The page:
In most areas, traffic violations fall into one of two categories: major or minor. Serious, or major, offenses can include driving under the influence of alcohol (DUI), driving while intoxicated (DWI), and reckless driving. Major violations frequently involve a risk of personal injury or property damage. On the other hand, common examples of a minor traffic violation include speeding and failure to yield or stop. In general, a minor traffic offense will not result in the offender being arrested or sent to jail. He or she typically receives a citation that requires the payment of a fine, an appearance in court, or both. Some consequences of being found guilty of a small traffic violation can include negative marks on one’s driving record, as well as potentially higher auto insurance premiums.
Citations, or tickets, are usually issued for either a moving violation or a non-moving violation. As the term implies, a moving violation occurs when the vehicle is in motion. Speeding and other infringements of driving rules are usually among these. Non-moving violations often refer to situations like parking in a prohibited area. Other examples of non-moving offenses can include having defective equipment, such as broken headlights, on or in the car, or violating a child safety restraint or seat belt requirement.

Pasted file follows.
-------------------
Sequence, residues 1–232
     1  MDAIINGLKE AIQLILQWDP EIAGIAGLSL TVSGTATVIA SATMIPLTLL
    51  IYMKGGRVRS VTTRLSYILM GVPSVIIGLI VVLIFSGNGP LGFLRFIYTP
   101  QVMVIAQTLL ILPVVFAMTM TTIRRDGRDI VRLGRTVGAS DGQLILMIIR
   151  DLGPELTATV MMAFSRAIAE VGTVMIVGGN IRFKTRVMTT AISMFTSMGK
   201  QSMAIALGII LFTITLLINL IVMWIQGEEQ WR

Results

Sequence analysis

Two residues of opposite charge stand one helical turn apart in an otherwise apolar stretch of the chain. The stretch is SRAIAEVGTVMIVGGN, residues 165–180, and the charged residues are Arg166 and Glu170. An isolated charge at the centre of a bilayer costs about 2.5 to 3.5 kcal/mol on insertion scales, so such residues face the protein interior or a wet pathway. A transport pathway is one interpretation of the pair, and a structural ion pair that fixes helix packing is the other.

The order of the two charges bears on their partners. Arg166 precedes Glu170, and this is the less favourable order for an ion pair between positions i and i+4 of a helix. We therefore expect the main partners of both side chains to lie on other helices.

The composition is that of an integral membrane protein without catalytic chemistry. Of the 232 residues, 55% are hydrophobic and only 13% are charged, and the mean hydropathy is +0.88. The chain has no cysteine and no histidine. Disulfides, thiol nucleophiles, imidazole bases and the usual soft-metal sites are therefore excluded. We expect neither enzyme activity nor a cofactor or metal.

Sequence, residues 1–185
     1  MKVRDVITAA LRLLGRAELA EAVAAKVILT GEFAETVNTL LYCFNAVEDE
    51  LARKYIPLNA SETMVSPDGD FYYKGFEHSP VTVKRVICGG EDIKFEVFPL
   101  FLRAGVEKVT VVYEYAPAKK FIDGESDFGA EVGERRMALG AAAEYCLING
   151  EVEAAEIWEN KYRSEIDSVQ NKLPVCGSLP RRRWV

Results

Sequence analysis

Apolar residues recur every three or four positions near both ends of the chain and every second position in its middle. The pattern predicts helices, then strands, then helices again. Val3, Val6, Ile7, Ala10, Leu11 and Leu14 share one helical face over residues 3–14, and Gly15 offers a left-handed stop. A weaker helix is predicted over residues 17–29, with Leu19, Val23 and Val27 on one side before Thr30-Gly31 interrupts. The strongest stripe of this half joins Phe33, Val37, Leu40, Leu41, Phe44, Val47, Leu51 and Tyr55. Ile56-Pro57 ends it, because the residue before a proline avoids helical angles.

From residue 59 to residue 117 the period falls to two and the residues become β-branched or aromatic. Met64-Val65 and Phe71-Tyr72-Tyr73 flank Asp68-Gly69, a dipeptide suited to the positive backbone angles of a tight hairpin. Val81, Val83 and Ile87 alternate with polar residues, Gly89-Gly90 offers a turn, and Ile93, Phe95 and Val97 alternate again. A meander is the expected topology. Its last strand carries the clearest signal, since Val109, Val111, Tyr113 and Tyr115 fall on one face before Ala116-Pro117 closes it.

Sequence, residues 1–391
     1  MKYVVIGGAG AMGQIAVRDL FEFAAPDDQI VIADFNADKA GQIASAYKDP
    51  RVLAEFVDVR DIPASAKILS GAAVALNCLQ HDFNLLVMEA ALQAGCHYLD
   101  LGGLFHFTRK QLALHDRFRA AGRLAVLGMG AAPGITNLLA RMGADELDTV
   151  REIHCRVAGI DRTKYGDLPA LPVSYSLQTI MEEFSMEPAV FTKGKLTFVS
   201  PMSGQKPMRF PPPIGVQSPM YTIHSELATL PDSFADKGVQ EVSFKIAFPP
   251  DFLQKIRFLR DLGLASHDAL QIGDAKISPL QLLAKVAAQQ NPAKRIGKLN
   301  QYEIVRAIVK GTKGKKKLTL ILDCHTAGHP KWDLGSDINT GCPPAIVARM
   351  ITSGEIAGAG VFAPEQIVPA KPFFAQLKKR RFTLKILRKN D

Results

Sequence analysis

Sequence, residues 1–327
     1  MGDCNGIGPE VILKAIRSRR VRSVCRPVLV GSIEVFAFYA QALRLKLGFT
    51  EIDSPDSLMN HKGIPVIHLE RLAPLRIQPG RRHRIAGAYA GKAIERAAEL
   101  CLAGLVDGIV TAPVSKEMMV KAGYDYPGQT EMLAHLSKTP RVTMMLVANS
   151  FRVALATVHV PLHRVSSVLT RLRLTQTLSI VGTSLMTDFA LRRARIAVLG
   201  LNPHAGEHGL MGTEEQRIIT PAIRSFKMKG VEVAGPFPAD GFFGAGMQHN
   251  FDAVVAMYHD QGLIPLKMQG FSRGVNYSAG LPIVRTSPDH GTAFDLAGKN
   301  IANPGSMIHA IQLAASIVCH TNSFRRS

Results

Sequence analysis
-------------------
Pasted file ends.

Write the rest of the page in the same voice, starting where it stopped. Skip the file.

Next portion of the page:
While laws vary by jurisdiction, a person is not usually arrested for a minor traffic violation. The officer will issue a citation that involves paying a fine and sometimes making a court appearance. One can pay the fine, basically admitting responsibility, and sometimes that will be the end of his or her legal obligation. Otherwise, to contest the citation, the person must appear in traffic court. Some people choose to represent themselves, while those with complicated cases might hire an attorney to accompany them to court.
One may face several possible consequences for being found guilty of a minor traffic violation. United States laws vary from state to state. In some cases, the court may require the offender to attend traffic school and take a safe driving course. Fulfilling this obligation might help the driver avoid paying fines, incurring penalties on his or her license, or facing an increase in insurance rates.
In some situations, paying the stated fines will expunge the violation from the person’s record. Typically, the outcome will also depend on whether the incident is the driver’s first offense. After committing a minor traffic violation, it is usually in the person’s best interest to consult the traffic laws for his or her place of residence, to determine the best course of action.